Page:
King King

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King King

King King - Shepherds Bush Empire, London (UK) - 17 January 2018

King King – the name that says it all.

It had already been impressive just to enter that royal, historic hall of the 02 in Shepherd's Bush in London where Scottish band King King started their promotion tour for their fourth studio album 'Exile and Grace', before touring the UK and Scotland. The hall was packed and indeed the stunning atmosphere of the venue suited the exclusive band name.

King King Live by Laurence Harvey 4

The lights then shut down and AC/DC's 'You Shook Me All Night Long' boomed out of the speakers before the band hit the stage, with Lindsay Coulson on bass, Wayne Proctor on drums, Jonny Dyke on keyboard and Alan Nimmo on guitar and vocals. To represent his Scottish roots, the latter was wearing his kilt.

King King Live by Laurence Harvey 2

They started with 'Gimme No Lovin'' (from their recent album) to keep up the power and good mood of the opener. Nimmo and his band were obviously very pleased to play in front of so many people and immediately his sympathy connected with the audience. Their next song 'Waking Up' was part of their third studio album 'Reaching For The Light' and it reminded me of an American road ride, with the sound of fun, freedom and Nimmo's warm power vocals on top. The catchy chorus invited the audience to sing-along.

King King Live by Laurence Harvey 3

Nimmo proved the depth of his voice with the next song 'You Stopped The Rain' where he started with vocals and guitar only, before the band kicked in and brought the dynamic music back. Although the song is based on a relatively simple chord-structure, the memorable riff of the lead guitar encouraged the audience to sing on. As one listened to the great lyrics "You stopped the rain, you saw the light, when you walked into the flame, the darkness took his side, at the end of the world, a man he stands alone, there's a shadow, in the last real life, see, you better come on home", it was clear the meaning was deep and left space for interpretation, but it also appealed to a wide audience. Especially great melodies, powerful lead guitar solos and the great groove of the band makes King King more than just a Blues/Rock band, they have a strong commercial potential as well. They can write more than just broken-hearted songs, which they proved with the next song 'Broken', a critical point of view about the current world situation.

Keyboardist Dyke was featured on 'Long History Of Love', a slow 6/8 Blues track which had an intimate and soulful vibe that reminded me of Prince's 'Purple Rain'. Dyke impressed everyone with a stunning organ solo, before Nimmo took over on guitar, that is until the band dropped down and brought the dynamic to a minimum. That control of dynamics from the whole band was incredible and showed how much feeling they have and how well they all knew each other. The audience could also hear the soulfulness, great vibration and clean riffs of Nimmo's voice. A 'Long History Of Love' does not only make them "better men", but also a long history of music makes them a fantastic performing band with a wide variety of styles, which could be also heard through 'Lose Control', a Rock/Blues number where they brought back the speed and wildness.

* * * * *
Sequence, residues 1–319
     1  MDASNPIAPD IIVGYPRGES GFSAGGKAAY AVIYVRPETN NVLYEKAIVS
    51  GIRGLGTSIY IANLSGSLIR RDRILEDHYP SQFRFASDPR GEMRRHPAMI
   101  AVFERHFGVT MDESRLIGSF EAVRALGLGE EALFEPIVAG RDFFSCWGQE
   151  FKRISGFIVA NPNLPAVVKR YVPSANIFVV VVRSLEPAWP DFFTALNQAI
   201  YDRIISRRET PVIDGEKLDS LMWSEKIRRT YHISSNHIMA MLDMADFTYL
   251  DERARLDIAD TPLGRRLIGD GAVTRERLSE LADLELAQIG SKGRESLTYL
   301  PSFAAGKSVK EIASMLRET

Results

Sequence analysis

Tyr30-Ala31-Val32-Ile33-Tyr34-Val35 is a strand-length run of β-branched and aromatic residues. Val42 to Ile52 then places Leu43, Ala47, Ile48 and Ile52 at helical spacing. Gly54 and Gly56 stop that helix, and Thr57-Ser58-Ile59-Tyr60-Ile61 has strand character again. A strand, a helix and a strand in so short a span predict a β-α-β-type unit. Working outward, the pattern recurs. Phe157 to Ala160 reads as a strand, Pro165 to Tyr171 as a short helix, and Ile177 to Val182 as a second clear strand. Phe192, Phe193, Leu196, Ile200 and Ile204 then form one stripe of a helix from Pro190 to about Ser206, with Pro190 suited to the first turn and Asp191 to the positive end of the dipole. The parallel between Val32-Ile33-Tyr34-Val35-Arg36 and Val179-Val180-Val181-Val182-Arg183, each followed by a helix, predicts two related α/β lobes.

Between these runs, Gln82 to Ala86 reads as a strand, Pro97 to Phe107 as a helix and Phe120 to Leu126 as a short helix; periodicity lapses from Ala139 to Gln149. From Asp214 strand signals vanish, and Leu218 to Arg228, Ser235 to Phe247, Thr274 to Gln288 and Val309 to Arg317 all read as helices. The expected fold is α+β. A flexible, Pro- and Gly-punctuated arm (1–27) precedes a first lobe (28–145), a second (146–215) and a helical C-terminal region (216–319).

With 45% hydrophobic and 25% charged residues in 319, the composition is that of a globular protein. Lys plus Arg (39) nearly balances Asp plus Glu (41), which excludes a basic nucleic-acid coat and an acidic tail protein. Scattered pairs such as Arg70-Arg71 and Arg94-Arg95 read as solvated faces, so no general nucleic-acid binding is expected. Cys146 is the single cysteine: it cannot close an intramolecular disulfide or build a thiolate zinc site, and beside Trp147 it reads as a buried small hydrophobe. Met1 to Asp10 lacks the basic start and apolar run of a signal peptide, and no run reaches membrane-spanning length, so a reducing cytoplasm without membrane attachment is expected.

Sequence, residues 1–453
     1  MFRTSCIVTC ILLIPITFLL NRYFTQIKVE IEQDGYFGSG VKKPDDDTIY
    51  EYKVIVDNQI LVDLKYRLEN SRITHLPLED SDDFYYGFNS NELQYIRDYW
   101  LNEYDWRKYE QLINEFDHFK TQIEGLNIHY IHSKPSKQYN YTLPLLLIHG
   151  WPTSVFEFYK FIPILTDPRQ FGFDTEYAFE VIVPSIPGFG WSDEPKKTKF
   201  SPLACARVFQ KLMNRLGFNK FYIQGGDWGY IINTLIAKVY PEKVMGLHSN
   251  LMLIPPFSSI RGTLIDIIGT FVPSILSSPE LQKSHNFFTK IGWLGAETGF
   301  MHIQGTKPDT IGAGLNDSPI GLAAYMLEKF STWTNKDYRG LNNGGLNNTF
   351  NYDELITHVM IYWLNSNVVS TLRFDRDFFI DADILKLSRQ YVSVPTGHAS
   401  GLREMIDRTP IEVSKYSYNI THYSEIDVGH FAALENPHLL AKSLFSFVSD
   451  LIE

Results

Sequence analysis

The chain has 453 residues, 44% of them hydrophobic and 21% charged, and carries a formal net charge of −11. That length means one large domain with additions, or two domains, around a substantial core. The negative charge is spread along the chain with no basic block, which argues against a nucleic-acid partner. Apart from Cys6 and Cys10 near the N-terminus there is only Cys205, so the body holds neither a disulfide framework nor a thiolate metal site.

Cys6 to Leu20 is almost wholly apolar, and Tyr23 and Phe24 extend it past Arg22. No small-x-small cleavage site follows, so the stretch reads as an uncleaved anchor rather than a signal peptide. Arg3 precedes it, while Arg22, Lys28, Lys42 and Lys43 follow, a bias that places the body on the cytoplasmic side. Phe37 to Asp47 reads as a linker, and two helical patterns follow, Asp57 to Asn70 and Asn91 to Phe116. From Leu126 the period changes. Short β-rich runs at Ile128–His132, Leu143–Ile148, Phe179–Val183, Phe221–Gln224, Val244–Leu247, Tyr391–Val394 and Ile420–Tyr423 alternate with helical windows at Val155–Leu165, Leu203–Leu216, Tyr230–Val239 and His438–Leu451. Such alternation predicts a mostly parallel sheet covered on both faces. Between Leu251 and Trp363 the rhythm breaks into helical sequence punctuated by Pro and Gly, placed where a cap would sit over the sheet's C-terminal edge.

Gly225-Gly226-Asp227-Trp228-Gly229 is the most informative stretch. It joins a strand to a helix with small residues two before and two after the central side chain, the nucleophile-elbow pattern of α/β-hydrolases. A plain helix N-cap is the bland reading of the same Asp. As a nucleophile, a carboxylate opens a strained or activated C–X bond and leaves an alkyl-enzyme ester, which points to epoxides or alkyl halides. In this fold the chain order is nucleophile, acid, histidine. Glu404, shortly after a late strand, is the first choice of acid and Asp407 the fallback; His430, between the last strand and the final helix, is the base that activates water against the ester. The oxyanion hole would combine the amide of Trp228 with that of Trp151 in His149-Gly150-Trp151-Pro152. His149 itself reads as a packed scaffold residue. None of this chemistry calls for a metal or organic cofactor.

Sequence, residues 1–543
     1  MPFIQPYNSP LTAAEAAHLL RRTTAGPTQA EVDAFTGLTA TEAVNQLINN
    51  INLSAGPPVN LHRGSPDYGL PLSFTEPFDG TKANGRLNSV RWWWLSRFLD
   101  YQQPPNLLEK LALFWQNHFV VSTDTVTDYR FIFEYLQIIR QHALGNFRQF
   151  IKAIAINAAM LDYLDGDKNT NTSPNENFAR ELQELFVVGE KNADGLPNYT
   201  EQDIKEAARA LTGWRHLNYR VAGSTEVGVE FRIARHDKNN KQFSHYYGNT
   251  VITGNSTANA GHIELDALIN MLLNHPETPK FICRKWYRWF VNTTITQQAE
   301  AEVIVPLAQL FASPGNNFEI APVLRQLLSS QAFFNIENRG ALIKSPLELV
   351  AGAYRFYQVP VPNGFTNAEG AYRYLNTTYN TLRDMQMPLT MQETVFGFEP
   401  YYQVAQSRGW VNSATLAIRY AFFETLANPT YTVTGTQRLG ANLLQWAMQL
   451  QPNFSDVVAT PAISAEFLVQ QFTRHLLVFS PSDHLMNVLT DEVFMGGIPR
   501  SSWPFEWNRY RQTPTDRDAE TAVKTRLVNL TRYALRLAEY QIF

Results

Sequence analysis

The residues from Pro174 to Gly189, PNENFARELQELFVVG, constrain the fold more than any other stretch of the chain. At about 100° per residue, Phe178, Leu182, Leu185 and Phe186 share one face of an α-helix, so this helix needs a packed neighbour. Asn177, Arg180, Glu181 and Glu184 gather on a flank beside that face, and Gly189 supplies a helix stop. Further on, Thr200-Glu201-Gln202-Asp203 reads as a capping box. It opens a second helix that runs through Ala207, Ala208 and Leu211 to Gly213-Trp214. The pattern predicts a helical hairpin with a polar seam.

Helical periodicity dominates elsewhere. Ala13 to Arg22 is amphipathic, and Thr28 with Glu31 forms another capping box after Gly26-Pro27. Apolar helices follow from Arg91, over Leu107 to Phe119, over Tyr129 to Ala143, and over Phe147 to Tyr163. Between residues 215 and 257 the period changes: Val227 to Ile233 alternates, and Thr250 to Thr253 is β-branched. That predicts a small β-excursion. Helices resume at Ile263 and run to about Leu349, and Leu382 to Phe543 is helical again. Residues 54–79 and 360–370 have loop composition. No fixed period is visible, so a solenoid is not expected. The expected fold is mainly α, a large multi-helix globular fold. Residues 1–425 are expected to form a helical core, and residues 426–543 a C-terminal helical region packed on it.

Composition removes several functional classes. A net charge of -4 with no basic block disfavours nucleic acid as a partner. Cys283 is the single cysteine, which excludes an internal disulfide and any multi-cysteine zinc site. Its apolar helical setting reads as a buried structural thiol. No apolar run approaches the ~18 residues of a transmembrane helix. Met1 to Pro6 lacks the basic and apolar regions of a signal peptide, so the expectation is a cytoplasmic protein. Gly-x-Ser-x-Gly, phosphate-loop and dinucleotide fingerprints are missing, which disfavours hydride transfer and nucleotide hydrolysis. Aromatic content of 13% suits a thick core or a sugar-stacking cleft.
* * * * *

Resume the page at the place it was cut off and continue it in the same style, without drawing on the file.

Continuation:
King King Live by Edyta Krzesak 2

Throughout the entire night, and despite the rather large space of the venue, the band kept their connection to the audience. There were some good laughs in between Nimmo's talking. With 'Rush Hour' you could see how many established fans the band had, many who recognised their songs within the first few chords. King King definitely stands for sympathy and their smile immediately allowed everything to flow to a good mood. In the end, we got invited again to take part on a call and response session and, of course, with so much positivity on stage, no one was able to resist the call to sing-along and shout out a loud 'Rush Hour'.

King King Live by Edyta Krzesak 1

King King showed one of their highlight performances with 'Stranger To Love' where they did a massive build up for the lead guitar solo until everybody completely dropped out, Nimmo switched off the volume of his electric guitar and the whole hall was quiet. He did a solo part without any amplification, but due to the great acoustics of the hall, we could even hear it up in the balcony area. That bit of craziness à la eighties Rock 'n' Roll worked out so well, that when the amplification and the band came back, the feeling and sound almost had an arena vibe.

King King Live by Laurence Harvey 1

Not only are Blues, Rock and Soul part of their expertise, King King can also get funky. They finished the set with their groovy song 'All Your Life' from their latest album, before they added their beautiful ballad 'Find Your Way Home' and 'Let Love In' as encores. When you carry such a majestic name, you kind of expect a royal performance; King King is even more than that. They are fun, sympathetic, empathic, engaging and soulful. Their songs are diverse, catchy, interesting and relatable to a wide audience. They had an impressive change of dynamics throughout the whole show that kept the excitement levels up. Indeed, their musical performance was upper class, but King King is unified with the heart of their audience. They lifted us all up to their kingdom and made us feel privileged to be part of such a crowned show.

Review by Cheri Lyn, photos by Laurence Harvey (1/2/3/6) and Edytha Krzesak (4/5)

Click HERE to read the Rocktopia interview with King King.

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